A. Plaintiffs' Breach of Contract Claim

Plaintiffs' breach of contract claim alleges that Defendants breached their obligations under the SPA, to which Plaintiffs are not a party, by failing to consider Plaintiffs for a loan modification. Plaintiffs argue that they are intended beneficiaries of the SPA. [Doc. No. 1-1, Compl. ¶¶ 70-75.] Defendants contend that Plaintiffs are not third-party beneficiaries of the SPA and therefore have no right to enforce its terms. [Doc. No. 4-1, Def.'s Mot. at 12-14.]

In an action concerning alleged third-party beneficiaries under the Pharmaceutical Pricing Agreement ("PPA"), the Ninth Circuit found that the action raised a federal question because the PPA is "a contract[] entered into pursuant to federal law and to which the government is a party, and which expressly provides that it shall be construed in accordance with Federal common law." County of Santa Clara v. Astra USA, Inc., 588 F.3d 1237, 1243-44 (9th Cir. 2009), rev'd on other grounds by Astra USA, Inc. v. Santa Clara County, 131 S. Ct. 1342 (2011).

Similarly, the instant action involves a breach of contract claim that is premised on a contract, the SPA, between BANA and the United States, operating through Fannie Mae. Further, the SPA explicitly provides that it is governed by federal law. [Doc. No. 5-2, RJN, Ex. 11, SPA ¶ 11.] In order to address this claim, the Court must determine whether Plaintiffs are third-party beneficiaries, which will require the Court to address a question of federal law. Therefore, Plaintiffs' breach of contract claim arises under federal law as required by § 1331 because Plaintiffs' right to relief necessarily depends on the resolution of a substantial question of federal law. See Copeland-Turner v. Wells Fargo Bank, N.A., No. CV-11-37-HZ, 2011 U.S. Dist. LEXIS 28093, at *13 (D. Or. March 17, 2011) (holding that based on Astra USA, Inc., a claim by plaintiff that he is the third-party beneficiary of a contract between Wells Fargo and the federal government would meet the "arising under" prong of § 1331); Phipps v. Wells Fargo Bank, N.A., No. CV F 10-2025 LJO SKO, 2011 U.S. Dist. LEXIS 10550, at *6 (E.D. Cal. Jan. 27, 2011) ("Federal law controls the interpretation of a contract entered into pursuant to federal law and to which the United States is a party."); Marques v. Wells Fargo Home Mortg., Inc., No. 09-cv-1985-L(RBB), 2010 U.S. Dist. LEXIS 81879 (S.D. Cal. Aug. 12, 2010) (same).

B. Plaintiffs' Claim for Declaratory Relief

"[W]hen a claim can be supported by alternative and independent theories--one of which is a state law theory and one of which is a federal law theory--federal question jurisdiction does not attach because federal law is not a necessary element of the claim." Rains v. Criterion Sys., Inc., 80 F.3d 339, 346 (9th Cir. 1996). Plaintiffs' claim for declaratory relief seeks a declaration that the pending foreclosure sale is "in violation of Federal HOLA [Home Owners Loan Act] provisions, Federal Mortgage Assistance Programs, in effect, TILA [Truth in Lending Act] provisions, and State of California mortgage assistance programs." [Doc. No. 1-1, Compl. ¶ 77] Plaintiffs' request for declaratory relief does not necessarily turn on construction of federal law because it may be sustained by a declaration that the pending foreclosure sale is in violation of California mortgage assistance programs. See Merrell Dow Pharmaceuticals, 478 U.S. at 808. Because Plaintiffs' request for declaratory relief can be supported by an alternate and independent state law theory, the Court finds that this claim does not support federal question jurisdiction.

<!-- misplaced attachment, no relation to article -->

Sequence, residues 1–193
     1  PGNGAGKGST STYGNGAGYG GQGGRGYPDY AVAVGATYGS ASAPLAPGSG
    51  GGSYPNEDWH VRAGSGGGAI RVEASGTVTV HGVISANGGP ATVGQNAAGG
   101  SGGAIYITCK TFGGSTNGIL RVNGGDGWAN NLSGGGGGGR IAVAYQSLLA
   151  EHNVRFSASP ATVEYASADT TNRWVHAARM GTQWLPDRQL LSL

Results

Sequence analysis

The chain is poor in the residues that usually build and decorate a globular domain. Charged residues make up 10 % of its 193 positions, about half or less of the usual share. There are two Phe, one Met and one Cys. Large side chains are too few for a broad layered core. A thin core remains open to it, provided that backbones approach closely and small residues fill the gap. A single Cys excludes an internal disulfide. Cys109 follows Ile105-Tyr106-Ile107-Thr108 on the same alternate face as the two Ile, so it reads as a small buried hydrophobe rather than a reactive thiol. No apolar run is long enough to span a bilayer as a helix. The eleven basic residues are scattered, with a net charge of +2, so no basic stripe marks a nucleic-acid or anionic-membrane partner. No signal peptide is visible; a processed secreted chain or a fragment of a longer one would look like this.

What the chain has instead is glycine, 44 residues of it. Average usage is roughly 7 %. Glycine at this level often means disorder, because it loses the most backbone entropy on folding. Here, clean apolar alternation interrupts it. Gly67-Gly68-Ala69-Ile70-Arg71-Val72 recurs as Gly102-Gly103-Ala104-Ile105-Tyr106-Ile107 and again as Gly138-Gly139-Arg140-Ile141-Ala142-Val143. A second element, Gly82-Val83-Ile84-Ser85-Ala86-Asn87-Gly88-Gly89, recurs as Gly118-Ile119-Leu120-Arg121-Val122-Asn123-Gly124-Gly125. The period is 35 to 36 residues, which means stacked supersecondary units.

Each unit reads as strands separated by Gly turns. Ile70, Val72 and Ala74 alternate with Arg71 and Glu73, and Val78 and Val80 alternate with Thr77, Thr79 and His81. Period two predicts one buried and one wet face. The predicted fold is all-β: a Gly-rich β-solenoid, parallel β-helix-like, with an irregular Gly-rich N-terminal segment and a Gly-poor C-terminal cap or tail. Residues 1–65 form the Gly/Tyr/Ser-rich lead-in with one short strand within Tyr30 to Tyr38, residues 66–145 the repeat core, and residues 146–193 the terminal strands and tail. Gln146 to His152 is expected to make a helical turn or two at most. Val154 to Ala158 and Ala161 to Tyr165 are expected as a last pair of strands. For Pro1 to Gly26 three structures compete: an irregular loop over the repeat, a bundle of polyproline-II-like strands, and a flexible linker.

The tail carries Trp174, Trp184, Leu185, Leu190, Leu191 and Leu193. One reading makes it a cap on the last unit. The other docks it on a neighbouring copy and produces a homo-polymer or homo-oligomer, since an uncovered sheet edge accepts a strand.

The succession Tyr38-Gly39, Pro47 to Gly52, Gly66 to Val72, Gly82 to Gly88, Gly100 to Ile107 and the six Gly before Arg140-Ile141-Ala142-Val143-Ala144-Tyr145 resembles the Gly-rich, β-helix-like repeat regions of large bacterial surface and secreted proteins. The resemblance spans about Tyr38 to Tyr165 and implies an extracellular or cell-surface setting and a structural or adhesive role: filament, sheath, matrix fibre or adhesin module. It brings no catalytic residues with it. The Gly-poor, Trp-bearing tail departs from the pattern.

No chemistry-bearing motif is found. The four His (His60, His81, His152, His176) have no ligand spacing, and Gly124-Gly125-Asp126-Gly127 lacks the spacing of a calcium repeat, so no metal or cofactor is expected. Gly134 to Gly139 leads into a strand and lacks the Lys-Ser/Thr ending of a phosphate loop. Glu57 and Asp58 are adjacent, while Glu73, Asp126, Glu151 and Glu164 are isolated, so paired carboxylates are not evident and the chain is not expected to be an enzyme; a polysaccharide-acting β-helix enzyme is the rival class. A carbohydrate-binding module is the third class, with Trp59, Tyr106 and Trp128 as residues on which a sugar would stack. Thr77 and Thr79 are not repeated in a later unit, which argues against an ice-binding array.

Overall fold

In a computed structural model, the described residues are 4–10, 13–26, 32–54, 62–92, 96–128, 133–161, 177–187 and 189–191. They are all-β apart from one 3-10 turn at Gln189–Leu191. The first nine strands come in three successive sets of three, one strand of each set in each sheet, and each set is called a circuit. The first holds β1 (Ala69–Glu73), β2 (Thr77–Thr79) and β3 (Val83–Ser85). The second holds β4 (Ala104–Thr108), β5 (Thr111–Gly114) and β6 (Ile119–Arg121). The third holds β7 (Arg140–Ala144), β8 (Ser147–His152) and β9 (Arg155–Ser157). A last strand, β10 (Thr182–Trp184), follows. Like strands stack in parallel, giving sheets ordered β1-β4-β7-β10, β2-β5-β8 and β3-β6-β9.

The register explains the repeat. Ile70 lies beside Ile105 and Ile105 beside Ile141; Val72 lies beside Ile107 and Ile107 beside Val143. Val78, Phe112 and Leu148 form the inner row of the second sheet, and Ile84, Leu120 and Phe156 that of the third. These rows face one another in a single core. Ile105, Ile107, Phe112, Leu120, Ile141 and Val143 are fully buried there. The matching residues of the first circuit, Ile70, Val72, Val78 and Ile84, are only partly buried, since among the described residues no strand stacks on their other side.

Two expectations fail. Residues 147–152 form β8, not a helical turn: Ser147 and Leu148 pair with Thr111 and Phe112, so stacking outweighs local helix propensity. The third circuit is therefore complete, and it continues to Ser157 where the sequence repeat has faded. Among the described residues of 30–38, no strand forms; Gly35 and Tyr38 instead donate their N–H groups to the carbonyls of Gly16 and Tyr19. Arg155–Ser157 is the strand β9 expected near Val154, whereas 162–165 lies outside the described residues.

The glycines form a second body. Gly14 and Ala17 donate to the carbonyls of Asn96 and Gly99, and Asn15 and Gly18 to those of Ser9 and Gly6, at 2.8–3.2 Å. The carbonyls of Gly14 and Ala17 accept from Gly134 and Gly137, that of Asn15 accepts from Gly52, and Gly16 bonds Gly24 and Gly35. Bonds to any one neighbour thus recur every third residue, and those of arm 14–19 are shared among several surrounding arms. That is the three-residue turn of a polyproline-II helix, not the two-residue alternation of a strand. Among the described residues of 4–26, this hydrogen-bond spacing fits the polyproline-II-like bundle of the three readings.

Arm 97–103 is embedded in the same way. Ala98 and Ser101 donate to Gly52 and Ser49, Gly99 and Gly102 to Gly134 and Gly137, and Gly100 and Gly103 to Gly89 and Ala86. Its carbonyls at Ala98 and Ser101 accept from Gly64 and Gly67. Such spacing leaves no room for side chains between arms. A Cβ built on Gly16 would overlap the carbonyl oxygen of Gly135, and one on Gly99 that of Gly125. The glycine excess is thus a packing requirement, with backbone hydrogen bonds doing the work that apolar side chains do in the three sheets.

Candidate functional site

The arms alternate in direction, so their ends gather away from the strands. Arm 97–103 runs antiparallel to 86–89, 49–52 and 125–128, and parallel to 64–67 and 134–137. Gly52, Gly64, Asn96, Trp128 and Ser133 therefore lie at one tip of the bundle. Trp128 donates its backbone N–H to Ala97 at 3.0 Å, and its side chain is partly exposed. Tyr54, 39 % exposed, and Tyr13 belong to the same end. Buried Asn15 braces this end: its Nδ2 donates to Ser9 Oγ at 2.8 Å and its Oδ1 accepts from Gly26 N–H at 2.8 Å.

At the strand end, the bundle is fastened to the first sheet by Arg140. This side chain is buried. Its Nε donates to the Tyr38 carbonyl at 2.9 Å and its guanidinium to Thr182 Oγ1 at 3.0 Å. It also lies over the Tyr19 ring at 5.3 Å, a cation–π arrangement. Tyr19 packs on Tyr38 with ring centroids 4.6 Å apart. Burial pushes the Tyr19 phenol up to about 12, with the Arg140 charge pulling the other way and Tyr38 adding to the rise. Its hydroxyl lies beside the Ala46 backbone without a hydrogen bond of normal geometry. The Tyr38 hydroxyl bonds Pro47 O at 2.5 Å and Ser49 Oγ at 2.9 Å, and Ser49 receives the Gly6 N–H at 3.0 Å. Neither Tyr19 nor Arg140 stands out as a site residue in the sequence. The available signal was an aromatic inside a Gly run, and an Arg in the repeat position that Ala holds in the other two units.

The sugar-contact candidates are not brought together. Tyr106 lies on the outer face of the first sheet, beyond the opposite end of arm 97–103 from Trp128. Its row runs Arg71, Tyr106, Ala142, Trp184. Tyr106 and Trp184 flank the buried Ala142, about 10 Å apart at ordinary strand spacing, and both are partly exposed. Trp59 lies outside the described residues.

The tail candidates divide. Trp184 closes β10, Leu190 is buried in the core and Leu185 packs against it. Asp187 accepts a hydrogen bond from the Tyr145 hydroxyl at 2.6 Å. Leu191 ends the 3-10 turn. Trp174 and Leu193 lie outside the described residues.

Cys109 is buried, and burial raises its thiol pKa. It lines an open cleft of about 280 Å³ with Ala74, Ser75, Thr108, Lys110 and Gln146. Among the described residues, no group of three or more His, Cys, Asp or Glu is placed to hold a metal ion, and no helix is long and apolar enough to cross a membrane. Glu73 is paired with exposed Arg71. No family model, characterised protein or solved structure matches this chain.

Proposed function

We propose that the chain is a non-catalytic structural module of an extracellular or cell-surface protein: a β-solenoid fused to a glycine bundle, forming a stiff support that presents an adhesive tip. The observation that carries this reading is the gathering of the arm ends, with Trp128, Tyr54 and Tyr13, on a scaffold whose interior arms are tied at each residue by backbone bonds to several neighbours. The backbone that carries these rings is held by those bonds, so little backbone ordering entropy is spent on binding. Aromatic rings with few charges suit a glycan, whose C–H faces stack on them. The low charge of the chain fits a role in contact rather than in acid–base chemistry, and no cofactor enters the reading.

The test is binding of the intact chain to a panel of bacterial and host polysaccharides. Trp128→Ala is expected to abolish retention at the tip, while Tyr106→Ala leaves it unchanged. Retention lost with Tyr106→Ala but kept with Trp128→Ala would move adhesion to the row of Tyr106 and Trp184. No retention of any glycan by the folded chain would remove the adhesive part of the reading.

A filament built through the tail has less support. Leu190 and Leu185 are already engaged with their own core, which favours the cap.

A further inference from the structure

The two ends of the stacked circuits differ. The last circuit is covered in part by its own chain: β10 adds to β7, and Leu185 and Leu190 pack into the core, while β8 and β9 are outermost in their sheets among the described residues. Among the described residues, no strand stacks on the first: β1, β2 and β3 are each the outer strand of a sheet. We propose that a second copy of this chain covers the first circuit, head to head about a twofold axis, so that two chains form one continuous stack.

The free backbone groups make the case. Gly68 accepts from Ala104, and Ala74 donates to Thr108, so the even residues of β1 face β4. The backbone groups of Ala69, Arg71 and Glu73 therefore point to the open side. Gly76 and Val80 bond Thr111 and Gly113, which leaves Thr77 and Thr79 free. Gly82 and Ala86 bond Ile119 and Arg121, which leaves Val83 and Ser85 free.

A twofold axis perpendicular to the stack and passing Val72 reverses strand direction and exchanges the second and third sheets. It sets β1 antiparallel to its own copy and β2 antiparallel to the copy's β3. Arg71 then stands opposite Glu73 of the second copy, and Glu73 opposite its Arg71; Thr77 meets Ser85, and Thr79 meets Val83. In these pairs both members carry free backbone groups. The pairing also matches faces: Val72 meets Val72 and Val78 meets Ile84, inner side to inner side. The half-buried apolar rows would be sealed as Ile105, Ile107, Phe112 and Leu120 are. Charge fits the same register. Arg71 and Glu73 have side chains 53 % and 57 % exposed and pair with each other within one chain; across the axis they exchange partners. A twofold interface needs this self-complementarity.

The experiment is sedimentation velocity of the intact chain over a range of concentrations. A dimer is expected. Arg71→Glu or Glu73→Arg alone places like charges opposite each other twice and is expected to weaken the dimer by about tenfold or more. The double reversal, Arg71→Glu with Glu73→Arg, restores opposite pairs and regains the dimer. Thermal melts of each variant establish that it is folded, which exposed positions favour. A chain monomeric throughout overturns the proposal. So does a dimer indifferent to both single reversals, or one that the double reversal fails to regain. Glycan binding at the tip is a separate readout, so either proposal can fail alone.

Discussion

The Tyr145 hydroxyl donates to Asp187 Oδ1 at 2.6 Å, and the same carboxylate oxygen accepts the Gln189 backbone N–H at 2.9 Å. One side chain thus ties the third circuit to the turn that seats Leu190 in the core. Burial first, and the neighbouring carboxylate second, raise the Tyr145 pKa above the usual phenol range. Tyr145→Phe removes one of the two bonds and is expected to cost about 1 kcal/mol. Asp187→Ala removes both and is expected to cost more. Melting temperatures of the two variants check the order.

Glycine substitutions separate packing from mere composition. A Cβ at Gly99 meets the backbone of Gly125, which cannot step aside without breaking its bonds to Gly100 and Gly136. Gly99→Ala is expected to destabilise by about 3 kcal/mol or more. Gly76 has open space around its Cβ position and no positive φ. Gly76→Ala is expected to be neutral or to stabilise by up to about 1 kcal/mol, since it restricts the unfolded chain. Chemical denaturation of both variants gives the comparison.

Because the Court finds that Plaintiffs' breach of contract claim supports federal question jurisdiction, the Court DENIES Plaintiffs' motion to remand.

II. Defendants' Motion to Dismiss

A motion to dismiss pursuant to Rule 12(b)(6) of the Federal Rules of Civil Procedure tests the legal sufficiency of the claims asserted in the complaint. Fed. R. Civ. P. 12(b)(6); Navarro v. Block, 250 F.3d 729, 731 (9th Cir. 2001). The court must accept all factual allegations pleaded in the complaint as true, and must construe them and draw all reasonable inferences from them in favor of the nonmoving party. Cahill v. Liberty Mutual Ins. Co., 80 F.3d 336, 337-38 (9th Cir.1996). To avoid a Rule 12(b)(6) dismissal, a complaint need not contain detailed factual allegations, rather, it must plead "enough facts to state a claim to relief that is plausible on its face." Bell Atl. Corp. v. Twombly, 550 U.S. 544, 570 (2007). A claim has "facial plausibility when the plaintiff pleads factual content that allows the court to draw the reasonable inference that the defendant is liable for the misconduct alleged." Ashcroft v. Iqbal, 556 U.S. 662, 678 (2009) (citing Twombly, 550 U.S. at 556).